At Easter, the resurrection of Christ - his victory over darkness and death - tends to be celebrated by a midnight service. In most parishes this is followed immediately by a Divine Liturgy. It should be noted that, owing to differing formulae for calculating its date, Orthodox Easter does not usually coincide with Easter in the Western churches.
The Orthodox approach to worship links together Church and home. Some divine services, such as the blessing of a new house or flat, take place at home; the home is the place where the life of the Church is lived out in everyday situations. Furthermore, personal and family needs can be included in public worship, as Orthodoxy makes no great distinction between liturgy and private devotion. Each Orthodox home will have an ikon corner, which usually includes ikons of Christ, his mother, and any saints and angels of importance to the individual or family. Morning and evening prayers will be said standing before these ikons; in the same way, prayers are said in the home before and after any major life event.
Within the framework of Tradition, social and cultural change does of course occur. Our own diocese began to develop when Russian refugees arrived in Britain in the early twentieth century; numbers increased as Russian parishioners intermarried with English people. Parts of the Divine Liturgy now began to be celebrated in English as well as Church Slavonic (the traditional liturgical language of Russian congregations). This, in turn, attracted new parishioners who had no ethnic links with Russia. In this way, our diocese has become increasingly multilingual, multiracial and multicultural over the years. More recently, the arrival of new East European immigrants has brought yet more diversity, along with a need to cater for, and include, people who may be new to Britain, and new to such local customs as have developed within the Russian Orthodox Church in Britain.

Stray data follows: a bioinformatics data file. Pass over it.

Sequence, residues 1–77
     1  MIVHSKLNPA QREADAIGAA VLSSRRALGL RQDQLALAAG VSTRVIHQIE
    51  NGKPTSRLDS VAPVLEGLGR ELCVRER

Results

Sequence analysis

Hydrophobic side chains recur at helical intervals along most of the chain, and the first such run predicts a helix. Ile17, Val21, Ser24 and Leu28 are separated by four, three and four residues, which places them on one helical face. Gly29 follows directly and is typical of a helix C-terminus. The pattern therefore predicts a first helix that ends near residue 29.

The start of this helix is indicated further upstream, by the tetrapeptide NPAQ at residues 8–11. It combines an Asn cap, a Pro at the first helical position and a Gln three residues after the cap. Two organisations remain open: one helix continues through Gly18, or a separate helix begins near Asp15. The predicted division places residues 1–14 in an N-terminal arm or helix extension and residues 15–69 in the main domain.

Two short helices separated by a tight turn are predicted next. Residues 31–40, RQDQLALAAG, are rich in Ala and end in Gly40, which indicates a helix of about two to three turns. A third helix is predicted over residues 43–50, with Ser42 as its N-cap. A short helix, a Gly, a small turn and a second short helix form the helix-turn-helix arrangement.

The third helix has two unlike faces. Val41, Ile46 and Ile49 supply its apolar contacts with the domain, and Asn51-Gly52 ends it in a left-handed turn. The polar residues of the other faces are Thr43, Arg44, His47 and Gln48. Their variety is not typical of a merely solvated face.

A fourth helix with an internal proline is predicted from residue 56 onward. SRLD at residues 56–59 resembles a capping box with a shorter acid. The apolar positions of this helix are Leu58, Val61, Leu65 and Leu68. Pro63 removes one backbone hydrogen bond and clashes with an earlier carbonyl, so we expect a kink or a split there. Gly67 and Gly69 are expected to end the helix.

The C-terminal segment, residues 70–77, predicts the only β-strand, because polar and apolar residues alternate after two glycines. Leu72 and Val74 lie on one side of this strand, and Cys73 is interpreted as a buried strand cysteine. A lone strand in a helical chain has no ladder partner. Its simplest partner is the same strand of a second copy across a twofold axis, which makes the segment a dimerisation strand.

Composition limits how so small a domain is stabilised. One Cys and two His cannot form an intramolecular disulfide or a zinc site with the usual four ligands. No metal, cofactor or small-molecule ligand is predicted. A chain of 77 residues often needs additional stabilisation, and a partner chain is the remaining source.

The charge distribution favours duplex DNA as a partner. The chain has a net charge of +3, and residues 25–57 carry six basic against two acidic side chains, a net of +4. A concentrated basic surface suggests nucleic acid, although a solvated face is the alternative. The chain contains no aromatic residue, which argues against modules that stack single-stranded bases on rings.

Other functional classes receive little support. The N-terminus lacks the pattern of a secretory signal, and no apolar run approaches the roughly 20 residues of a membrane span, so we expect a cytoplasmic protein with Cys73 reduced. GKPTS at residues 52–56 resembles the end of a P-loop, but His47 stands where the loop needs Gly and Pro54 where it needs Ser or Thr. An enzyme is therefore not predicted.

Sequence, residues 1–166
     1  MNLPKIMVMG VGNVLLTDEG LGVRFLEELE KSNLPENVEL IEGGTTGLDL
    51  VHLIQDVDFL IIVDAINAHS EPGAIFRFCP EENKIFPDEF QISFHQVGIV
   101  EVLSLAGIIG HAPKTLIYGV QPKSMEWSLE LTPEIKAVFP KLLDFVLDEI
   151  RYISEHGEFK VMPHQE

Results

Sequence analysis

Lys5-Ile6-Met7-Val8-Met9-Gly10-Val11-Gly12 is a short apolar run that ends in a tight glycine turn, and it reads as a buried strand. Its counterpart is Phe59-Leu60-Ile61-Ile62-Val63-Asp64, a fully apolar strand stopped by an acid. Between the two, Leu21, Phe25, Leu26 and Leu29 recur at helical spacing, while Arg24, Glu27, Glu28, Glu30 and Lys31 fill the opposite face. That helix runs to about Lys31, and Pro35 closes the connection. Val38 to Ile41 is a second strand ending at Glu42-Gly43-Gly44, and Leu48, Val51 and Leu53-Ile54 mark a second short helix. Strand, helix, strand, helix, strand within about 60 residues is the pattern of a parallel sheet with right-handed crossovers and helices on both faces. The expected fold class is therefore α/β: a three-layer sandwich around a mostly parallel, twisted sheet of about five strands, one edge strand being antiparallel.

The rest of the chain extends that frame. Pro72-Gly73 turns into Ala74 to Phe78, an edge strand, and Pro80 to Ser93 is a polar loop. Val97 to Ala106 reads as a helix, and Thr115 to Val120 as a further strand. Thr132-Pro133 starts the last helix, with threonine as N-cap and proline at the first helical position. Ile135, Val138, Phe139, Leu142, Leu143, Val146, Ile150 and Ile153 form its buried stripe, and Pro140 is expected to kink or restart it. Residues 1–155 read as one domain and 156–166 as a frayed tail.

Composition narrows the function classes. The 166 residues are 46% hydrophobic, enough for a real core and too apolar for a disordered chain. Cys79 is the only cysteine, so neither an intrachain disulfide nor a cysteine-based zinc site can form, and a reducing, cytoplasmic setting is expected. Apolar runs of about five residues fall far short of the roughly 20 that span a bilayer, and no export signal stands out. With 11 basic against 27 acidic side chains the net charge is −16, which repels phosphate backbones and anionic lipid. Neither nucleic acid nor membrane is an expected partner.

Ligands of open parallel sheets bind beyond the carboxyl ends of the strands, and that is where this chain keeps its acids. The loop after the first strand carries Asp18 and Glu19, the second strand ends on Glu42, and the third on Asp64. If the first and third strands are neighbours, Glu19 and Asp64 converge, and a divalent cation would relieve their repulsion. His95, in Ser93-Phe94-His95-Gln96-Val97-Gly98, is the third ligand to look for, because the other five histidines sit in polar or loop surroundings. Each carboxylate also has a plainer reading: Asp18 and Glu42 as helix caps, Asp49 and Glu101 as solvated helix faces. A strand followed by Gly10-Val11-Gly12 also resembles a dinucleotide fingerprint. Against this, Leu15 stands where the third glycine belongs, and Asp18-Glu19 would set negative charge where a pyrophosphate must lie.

Throughout these changes, our Tradition – for example, our services, prayers and ikons – do not change, as a way of expressing the Christian faith that “Christ is contemporary with any age”, in the words of one Orthodox writer. At the same time, our social, ethnic and cultural traditions remain in flux, as an increasing diversity of races, cultures and ethnicities contributes to the makeup of local Orthodox communities.
For adults generally:
Anthony Bloom (1972) Meditations on a Theme. A Spiritual Journey.’ Last reprint 2004, Continuum
Olivier Clement (2002) On Human Being. A Spiritual Anthropology UK edition, New City.
Timothy Ware (1963; latest reprint 2003) The Orthodox Church Penguin .
For teachers (primary and secondary):
Gillian Crow, Christianity - The Orthodox Tradition (available via Gillian@crow.co.uk)
For young adults:
Sylvia and Barry Sutcliffe (1995) Committed to Christianity RMEP